Every time University of Wisconsin sophomore wide receiver Chase Hammond came off the field on Saturday during the spring game, he would try and say something to junior Jared Abbrederis.
Abbrederis is the Badgers’ top returning wide receiver who has been out all spring with a foot injury from last season.
UW coaches have spent the first 14 practices of spring looking for a complement to Abbrederis with little luck.
Finally, on the final day of spring practices, Hammond emerged from the pack with four receptions for 48 yards and a touchdown. Three of his catches came in the first half when it seemed he was the only receiver who could hold onto the ball.
“I just showed that when it’s time to play, I can make plays,” Hammond said. “I really think that’s been big for me. I may not always have the best practices, but that’s what practice is for, to get better.
“When the media is there, your family is there and everybody’s there, it counts. That’s when it’s time to make plays and show what we’ve learned this spring.”
The first half pretty much summed up the way the spring has gone for the receivers. The worst offender was sophomore Isaiah Williams, who dropped what would have been two touchdown passes.
“I feel like I should have had two touchdowns,” Williams said. “Those are things that win and lose games. I didn’t make the plays.”
At halftime, UW coach Bret Bielema pulled Williams off the Cardinal team, which was made up of the starters, and put him with the White squad. Williams ended up with game highs of five receptions for 53 yards.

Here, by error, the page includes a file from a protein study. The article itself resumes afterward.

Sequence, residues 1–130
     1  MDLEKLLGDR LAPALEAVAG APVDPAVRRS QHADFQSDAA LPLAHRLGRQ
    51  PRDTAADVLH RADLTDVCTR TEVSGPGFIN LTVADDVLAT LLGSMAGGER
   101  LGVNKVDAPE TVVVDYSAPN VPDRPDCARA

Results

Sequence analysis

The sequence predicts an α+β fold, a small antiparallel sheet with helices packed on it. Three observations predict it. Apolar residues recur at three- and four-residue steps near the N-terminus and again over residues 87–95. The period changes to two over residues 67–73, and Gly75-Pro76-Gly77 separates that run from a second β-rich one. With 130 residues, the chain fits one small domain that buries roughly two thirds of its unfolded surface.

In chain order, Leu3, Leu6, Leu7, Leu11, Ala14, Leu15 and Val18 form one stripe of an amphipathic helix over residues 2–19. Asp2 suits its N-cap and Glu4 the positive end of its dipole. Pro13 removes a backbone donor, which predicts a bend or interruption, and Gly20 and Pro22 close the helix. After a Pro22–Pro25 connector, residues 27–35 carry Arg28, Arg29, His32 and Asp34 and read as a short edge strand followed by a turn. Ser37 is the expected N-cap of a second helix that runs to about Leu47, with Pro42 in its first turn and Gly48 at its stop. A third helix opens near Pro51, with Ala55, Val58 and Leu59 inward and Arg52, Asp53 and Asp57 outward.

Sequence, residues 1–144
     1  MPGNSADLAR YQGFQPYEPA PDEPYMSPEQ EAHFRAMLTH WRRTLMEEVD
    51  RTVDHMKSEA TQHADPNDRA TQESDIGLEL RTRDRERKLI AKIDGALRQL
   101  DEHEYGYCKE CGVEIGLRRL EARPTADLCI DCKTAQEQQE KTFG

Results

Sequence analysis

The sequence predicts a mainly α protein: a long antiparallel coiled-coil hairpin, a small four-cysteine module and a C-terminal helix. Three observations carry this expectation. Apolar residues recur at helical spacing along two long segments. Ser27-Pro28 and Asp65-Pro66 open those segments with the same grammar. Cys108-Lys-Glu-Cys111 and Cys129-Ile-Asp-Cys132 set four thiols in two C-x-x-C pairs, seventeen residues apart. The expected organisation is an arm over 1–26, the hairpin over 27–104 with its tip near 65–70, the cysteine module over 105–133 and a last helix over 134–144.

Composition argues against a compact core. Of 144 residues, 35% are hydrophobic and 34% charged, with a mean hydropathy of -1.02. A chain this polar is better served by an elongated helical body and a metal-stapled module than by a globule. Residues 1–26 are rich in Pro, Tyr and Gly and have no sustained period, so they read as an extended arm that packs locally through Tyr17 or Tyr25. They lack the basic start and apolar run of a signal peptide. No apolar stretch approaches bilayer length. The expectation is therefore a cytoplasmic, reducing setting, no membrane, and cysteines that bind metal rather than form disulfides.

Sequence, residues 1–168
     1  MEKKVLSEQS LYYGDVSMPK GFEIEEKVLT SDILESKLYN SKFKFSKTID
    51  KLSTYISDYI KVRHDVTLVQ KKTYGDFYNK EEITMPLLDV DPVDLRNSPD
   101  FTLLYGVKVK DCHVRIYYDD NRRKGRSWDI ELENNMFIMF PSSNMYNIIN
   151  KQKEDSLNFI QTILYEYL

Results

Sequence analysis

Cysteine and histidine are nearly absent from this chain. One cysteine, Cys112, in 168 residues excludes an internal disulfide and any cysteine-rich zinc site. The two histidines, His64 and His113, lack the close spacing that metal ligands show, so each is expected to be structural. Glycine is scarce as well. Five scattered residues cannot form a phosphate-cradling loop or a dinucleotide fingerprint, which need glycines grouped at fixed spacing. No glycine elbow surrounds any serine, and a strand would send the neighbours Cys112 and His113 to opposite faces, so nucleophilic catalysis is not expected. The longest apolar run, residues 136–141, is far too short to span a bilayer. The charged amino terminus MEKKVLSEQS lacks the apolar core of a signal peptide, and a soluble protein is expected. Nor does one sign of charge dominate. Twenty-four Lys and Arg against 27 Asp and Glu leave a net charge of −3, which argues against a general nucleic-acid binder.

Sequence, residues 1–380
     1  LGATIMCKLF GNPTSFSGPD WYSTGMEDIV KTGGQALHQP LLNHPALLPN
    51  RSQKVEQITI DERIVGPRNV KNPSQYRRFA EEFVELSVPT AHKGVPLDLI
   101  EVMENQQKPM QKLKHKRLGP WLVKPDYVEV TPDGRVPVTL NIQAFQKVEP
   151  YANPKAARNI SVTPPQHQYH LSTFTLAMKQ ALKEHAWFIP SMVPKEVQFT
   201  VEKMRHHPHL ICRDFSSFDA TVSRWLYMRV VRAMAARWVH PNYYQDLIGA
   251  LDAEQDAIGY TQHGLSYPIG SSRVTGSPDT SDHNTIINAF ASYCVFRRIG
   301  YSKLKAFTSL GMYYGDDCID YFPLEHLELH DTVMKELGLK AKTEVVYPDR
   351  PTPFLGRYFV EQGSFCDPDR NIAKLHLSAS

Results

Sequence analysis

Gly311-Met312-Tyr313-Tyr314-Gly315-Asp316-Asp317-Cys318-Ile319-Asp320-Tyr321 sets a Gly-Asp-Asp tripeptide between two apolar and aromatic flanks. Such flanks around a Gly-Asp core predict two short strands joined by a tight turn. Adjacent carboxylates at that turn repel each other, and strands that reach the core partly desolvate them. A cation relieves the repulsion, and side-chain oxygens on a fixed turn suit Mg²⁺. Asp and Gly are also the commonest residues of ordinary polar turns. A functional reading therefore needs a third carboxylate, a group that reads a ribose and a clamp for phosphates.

“I got after Isaiah pretty good, moved him from first string down to second string, then he caught every ball thrown his way,” Bielema said.
No such motivation was needed for Hammond, who has had three surgeries on his right ankle and been told by doctors on more than one occasion he might not be able to play football anymore. The
6-foot-5 Hammond admitted the spring was “do or die” for him.
Redshirt freshman linebacker Jacob Keefer is playing out of position as the weakside linebacker. His more natural position is probably at middle linebacker, but the coaches just wanted to find a way to get him on the field.
Keefer showed up more in the scrimmage than he had all spring, making at least three nice plays. He finished with six tackles, including one for loss.
“I saw him flash,” Bielema said. “He’s a guy I’ve been intrigued with just because I think he’s playing at an unrealistic position ... but we just want to get him on the field.”
Keefer is listed at 232 pounds and has the frame to put on more weight. That has led to speculation he could eventually wind up in the defensive line, but Bielema isn’t ready to give up on him as a linebacker.
Bielema reported only two new injuries in the scrimmage.
Backup free safety Michael Trotter suffered a strained medial collateral knee ligament, while backup cornerback Darius Hillary displayed “concussion symptoms.” Bielema said it was not determined yet if Hillary actually suffered a concussion.
5,000 or so?
The announced crowd was 10,479, but it looked like only half of that. UW was likely helped by advanced sales, with proceeds from the $5 tickets going to the UW Center for Nonprofits.
Bielema said it was the coldest day of the spring the team went outside.
“Coming out in rainy, low 40s (temperatures), I didn’t expect that many people to be out there, honestly,” senior safety Shelton Johnson said.